Healthy Eating for Kids: Recipes and Nutrition Advice

Delicious foods kids will eat, nutritious meals moms will love

9 Kids' Foods that Aren't as Healthy as They Appear

Not every food that sounds healthy for a child is as good as it appears. By Carolyn Williams, M.Ed., R.D.

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Worst Kids' Foods - Whole Milk

Whole Milk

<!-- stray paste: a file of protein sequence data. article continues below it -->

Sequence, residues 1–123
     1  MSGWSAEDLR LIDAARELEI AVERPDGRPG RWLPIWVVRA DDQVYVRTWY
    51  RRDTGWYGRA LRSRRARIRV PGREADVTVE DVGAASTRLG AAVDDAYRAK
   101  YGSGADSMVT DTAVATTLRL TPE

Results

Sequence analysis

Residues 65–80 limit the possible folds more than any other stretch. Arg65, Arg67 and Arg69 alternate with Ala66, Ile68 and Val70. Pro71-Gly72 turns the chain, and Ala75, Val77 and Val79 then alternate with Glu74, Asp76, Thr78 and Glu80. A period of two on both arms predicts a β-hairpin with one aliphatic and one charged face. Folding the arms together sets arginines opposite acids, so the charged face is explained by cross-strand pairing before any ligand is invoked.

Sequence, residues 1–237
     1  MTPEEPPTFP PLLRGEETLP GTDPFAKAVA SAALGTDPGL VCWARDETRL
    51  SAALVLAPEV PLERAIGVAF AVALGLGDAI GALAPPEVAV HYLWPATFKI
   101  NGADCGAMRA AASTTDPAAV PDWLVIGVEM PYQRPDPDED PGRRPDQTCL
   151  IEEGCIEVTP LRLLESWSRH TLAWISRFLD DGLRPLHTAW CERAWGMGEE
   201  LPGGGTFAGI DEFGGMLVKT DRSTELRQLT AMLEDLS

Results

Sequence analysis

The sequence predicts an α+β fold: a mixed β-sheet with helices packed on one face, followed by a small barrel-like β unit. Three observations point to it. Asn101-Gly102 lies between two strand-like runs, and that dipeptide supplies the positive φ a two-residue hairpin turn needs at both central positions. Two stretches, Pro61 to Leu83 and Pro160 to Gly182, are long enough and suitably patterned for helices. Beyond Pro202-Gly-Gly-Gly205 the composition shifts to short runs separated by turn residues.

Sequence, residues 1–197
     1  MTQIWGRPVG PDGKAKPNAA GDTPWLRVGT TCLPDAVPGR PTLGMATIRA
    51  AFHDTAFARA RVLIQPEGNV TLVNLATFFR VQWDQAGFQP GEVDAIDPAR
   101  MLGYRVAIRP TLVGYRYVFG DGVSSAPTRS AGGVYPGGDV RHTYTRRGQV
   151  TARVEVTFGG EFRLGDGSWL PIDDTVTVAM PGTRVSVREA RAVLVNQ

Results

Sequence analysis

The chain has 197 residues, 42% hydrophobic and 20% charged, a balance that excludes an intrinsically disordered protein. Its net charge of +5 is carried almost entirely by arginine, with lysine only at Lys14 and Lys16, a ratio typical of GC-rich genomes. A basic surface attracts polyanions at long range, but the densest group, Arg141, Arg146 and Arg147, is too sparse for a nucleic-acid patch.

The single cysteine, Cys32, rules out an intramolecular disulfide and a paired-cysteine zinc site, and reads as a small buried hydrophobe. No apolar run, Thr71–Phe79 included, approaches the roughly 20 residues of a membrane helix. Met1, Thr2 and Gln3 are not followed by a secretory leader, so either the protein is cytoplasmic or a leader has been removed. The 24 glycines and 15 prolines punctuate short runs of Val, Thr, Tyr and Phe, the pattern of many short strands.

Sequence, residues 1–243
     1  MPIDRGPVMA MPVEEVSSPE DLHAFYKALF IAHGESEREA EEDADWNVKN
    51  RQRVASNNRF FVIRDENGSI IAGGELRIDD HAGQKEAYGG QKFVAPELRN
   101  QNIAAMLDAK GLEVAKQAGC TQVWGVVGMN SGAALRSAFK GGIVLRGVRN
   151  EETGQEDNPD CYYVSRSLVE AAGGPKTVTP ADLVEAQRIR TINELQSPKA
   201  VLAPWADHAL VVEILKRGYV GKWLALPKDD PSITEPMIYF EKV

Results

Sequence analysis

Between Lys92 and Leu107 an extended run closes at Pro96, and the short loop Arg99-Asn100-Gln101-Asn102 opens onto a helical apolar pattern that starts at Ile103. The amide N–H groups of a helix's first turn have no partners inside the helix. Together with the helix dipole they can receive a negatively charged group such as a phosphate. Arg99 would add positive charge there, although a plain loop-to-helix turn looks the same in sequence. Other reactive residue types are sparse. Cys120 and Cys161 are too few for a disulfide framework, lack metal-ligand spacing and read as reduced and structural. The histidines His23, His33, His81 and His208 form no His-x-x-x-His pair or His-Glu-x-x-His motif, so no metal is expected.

Everyone knows kids need milk for good bone health, but did you know that kids don’t need the extra fat that’s in whole milk? In fact, the American Academy of Pediatrics now recommends that children over the age of two years drink low-fat (1%) milk. Toddlers need the extra fat in whole milk from 12 months to two years for development; but, after that, the additional fat isn’t necessary and can add extra calories to kids’ diets.  If your child is hooked on whole milk, then transition him slowly to the low-fat option by mixing whole or 2% milk with 1% or skim. And, don’t worry about missing out on any calcium and Vitamin D. All milks have the same vitamin and mineral content, regardless of the fat content.

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